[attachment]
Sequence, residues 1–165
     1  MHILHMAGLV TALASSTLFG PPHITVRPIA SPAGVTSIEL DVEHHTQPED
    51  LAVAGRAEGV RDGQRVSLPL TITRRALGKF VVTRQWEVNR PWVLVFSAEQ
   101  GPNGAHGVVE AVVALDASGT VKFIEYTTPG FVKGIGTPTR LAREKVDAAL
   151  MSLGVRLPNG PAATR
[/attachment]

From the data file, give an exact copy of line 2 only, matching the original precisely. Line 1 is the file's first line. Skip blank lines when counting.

     1  MHILHMAGLV TALASSTLFG PPHITVRPIA SPAGVTSIEL DVEHHTQPED